By Lisa Coleman
The storage service provider (SSP) market is attracting more and more vendors on almost a weekly basis. Most recently, Skokie, IL-based Forsythe Solutions Group, a 30-year-old technology infrastructure provider, and its subsidiary Nuclio will team with EMC to provide storage services.
Analysts are tracking more than 20 companies in the storage service outsourcing market. Gartner Dataquest predicts a revenue increase from $89 million in 2000 to $7.5 billion in 2003 for the SSP market. Analysts attribute market growth to a variety of factors, including the high cost of owning storage equipment and the lack of IT expertise to manage it.
Both Forsythe's and Nuclio's customers were asking for storage provided as a utility. According to Phil Tenca, vice president of storage at Forsythe, entry into the SSP market is "a natural extension of our customers' requests, and basically it's what we need to do to keep competitive."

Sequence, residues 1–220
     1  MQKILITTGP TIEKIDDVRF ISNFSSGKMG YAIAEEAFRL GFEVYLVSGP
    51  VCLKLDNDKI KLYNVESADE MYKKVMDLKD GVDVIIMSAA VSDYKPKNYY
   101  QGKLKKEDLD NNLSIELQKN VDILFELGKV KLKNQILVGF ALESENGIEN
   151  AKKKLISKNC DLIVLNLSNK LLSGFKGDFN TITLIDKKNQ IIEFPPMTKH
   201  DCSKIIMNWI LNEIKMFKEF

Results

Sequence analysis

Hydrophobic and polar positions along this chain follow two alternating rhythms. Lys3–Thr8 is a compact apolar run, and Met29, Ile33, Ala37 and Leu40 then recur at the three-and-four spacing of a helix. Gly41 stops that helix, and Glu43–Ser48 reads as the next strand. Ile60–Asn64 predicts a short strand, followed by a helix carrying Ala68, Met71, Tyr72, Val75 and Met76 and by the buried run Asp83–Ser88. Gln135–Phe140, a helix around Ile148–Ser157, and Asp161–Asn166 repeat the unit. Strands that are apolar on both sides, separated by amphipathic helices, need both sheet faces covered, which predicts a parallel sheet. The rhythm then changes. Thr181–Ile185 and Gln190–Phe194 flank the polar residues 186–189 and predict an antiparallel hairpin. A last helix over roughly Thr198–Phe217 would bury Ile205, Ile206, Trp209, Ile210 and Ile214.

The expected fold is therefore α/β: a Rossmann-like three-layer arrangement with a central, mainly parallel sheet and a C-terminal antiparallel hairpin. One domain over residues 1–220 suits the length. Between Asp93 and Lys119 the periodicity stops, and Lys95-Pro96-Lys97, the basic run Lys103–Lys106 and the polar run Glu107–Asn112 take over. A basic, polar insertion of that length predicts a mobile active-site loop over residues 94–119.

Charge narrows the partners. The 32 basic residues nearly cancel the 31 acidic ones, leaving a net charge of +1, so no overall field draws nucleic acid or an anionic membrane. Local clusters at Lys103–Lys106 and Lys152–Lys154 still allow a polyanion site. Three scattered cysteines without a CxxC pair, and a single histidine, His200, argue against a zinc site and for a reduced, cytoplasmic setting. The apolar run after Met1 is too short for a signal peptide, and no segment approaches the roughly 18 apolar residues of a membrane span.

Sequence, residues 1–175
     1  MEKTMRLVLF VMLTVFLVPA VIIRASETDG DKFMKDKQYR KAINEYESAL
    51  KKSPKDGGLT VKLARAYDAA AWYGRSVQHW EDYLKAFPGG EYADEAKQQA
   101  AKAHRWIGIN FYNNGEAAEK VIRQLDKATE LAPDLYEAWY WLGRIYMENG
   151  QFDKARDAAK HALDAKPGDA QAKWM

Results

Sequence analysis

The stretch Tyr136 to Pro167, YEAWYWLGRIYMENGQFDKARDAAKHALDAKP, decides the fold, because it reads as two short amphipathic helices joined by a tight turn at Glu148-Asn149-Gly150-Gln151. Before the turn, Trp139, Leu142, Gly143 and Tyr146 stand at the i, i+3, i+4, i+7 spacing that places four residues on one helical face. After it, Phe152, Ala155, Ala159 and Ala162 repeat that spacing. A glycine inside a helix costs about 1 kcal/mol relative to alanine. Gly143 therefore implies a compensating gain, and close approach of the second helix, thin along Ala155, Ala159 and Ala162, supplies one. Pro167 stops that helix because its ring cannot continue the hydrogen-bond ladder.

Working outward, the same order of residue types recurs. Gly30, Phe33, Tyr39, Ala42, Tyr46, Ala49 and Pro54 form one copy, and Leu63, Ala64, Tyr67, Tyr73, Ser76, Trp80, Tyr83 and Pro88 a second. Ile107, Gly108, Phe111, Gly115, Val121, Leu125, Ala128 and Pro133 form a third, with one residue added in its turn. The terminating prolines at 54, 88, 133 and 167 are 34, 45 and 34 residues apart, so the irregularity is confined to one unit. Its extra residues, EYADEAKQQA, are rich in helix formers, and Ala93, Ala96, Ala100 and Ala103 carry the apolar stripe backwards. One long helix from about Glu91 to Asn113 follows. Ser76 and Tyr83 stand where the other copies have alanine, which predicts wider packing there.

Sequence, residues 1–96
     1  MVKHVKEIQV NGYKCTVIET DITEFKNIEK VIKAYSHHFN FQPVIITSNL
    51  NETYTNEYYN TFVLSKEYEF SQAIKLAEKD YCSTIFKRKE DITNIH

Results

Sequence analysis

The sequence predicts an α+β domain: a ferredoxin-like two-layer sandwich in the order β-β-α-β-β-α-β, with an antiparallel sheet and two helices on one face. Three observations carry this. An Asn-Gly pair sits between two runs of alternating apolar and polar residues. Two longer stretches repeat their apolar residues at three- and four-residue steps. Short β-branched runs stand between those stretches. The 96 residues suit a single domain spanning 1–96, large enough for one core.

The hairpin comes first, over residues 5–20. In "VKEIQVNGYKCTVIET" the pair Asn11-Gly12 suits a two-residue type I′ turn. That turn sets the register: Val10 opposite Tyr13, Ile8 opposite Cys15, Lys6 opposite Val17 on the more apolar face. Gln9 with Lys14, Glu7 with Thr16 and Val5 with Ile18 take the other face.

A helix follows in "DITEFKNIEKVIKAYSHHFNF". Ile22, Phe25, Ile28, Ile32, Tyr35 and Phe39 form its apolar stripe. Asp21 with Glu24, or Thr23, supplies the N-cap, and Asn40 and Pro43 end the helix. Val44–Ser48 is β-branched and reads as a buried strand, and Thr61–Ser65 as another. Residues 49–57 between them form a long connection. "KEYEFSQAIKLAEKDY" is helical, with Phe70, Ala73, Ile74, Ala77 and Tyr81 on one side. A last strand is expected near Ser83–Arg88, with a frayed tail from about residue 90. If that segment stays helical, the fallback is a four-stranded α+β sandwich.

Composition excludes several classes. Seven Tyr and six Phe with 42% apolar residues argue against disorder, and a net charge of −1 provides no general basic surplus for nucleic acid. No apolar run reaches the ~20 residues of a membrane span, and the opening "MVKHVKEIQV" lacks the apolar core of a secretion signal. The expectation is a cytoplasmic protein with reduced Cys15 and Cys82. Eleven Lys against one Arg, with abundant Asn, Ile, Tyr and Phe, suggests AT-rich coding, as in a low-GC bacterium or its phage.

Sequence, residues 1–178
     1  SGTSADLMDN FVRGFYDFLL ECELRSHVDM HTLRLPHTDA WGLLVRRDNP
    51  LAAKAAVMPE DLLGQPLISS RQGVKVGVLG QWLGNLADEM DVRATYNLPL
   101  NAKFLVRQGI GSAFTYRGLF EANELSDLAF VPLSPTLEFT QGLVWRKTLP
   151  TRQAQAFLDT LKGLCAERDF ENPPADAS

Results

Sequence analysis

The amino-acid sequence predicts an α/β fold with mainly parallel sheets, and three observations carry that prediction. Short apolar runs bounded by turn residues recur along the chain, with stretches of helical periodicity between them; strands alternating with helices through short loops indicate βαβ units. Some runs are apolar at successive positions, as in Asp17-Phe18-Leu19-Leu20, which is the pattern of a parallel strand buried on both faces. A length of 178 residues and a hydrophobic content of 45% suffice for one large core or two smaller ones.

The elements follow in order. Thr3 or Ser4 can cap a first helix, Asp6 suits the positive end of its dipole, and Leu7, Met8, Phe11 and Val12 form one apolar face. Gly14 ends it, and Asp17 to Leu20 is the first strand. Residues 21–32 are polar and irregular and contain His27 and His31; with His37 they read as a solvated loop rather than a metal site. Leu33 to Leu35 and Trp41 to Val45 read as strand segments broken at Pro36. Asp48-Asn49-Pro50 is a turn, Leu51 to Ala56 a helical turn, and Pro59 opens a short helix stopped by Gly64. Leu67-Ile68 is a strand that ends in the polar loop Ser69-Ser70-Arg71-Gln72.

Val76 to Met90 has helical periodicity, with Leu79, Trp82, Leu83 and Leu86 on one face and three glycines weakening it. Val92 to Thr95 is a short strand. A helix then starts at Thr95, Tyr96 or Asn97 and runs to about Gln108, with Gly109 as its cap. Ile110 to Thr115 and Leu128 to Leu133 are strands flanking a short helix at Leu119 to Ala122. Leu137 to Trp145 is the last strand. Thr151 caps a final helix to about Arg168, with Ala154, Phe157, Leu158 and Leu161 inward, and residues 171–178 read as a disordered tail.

Nuclio will provide network and systems management, monitoring, and reporting services accompanying Forsythe's IT infrastructure. The companies' SSP pricing model - a monthly subscription - will be consistent with some of its competitors, but will reflect Forsythe's and Nuclio's offerings of end-to-end managed services, according to Tenca. Both companies believe this level of service will differentiate them from the current crop of SSPs. "We can provide the entire infrastructure - from the server, down to the network components, and various co-location capabilities," says Mike Coffield, senior vice president of channel marketing at Nuclio. In addition, the companies will manage storage at customers' sites and handle application management.
Because Forsythe is a privately-held company, it is not relying on venture capital funding like some of its SSP competitors. Because of the proliferation of SSPs, some analysts have cautioned end users to be wary of SSPs lacking funding. With more than 20 SSPs to choose from, analysts are predicting consolidation over the next few years.